That's not good.
The Thwaites Glacier in Antarctica — perhaps better known as the "Doomsday Glacier" — is about the size of Florida and locked in place by a small ice shelf, which acts as an important buffer against sea level rise.
Now, using a torpedo-like robot to get a closer look, researchers have discovered that this critical shelf is starting to show cracks and "staircase" formations, worrying signs that it's undergoing rapid changes as climate change accelerates, CNN reports.
The consequences, as the glacier's nickname suggests, could be disastrous. If it was to collapse, the glacier could contribute to a sea level rise of more than two feet, which could pose a grave threat to coastal communities worldwide.
To get a better look at the ice shelf, researchers sent a small robot dubbed Icefin almost 2,000 feet below the surface via a bored hole. The remotely-controlled robot collected images and videos, as well as crucial data including water temperature and salinity.
The robot could "swim up to these really dynamic places and take data from the sea floor all the way to the ice," Britney Schmidt, a Cornell University professor and lead author of one of two papers about the findings published in the journal Nature, told CNN.
The collected data paints a nuanced picture, according to the researchers, revealing that the glacier is melting slower than expected as compared to previous projections, averaging 6.5 to 17.7 feet a year.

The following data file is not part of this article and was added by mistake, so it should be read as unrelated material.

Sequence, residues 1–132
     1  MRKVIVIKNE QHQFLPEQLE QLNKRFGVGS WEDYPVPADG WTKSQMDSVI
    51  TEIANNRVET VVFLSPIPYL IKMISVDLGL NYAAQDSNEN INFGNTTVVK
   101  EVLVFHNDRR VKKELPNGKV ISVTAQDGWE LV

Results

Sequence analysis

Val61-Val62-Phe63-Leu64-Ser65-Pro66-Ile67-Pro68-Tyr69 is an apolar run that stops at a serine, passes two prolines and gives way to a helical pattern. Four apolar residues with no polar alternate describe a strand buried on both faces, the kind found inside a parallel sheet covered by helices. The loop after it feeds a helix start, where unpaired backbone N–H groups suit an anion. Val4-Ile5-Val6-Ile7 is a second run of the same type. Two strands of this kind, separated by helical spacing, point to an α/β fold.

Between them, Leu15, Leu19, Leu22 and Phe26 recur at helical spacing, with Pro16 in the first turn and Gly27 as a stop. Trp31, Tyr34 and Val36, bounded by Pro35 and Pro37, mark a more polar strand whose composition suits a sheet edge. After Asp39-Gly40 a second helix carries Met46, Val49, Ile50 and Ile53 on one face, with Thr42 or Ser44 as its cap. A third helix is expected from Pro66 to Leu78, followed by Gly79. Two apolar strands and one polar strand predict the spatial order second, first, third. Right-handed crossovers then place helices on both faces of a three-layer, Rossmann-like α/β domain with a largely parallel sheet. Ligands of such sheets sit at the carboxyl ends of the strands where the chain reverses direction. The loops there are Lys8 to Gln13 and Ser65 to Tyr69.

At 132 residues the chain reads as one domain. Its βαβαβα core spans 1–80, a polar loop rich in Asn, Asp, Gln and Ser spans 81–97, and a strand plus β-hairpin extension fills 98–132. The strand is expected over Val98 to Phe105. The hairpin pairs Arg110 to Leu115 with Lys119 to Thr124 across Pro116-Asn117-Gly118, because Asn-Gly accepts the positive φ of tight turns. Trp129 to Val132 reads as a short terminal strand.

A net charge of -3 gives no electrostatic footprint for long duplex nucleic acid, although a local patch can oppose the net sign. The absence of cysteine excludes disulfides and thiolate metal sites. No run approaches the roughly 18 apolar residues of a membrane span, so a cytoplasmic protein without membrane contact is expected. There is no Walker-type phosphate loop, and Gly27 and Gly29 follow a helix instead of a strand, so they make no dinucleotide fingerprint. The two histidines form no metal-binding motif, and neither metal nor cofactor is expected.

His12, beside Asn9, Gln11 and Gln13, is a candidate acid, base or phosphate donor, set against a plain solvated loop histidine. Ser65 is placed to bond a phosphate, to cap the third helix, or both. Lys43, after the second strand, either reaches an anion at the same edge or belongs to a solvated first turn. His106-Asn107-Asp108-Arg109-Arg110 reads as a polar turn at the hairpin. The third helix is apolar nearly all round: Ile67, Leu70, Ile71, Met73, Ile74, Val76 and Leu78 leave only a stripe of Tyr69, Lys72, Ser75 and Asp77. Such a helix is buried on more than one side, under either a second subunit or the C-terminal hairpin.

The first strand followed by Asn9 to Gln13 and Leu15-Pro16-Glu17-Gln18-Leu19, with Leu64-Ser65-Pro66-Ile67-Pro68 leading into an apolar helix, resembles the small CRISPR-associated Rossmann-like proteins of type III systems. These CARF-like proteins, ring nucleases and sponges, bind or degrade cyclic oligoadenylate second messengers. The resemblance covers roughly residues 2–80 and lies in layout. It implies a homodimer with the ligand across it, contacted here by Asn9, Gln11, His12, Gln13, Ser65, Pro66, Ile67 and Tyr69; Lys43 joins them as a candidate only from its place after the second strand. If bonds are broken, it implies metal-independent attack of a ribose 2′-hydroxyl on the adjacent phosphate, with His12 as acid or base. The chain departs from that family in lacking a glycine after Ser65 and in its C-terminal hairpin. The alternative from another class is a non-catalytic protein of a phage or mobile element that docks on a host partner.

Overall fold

"What we have found is that despite small amounts of melting there is still rapid glacier retreat, so it seems that it doesn’t take a lot to push the glacier out of balance," Peter Davis, British Antarctic Survey oceanographer and lead author on the second paper, told CNN, warning that the "glacier is still in trouble."
When, Not If
Massive cracks, in particular, worried the researchers, leading to accelerated melting, something that could eventually trigger an "ice shelf collapse," they argue.
In short, it's not a matter of whether the Thwaites Glacier will collapse — it's a matter of when, which means studying the area could allow us to better prepare when disaster inevitably strikes.
"Despite it being so remote, the consequences of what happens on Thwaites will impact everybody," Davis told CNN.
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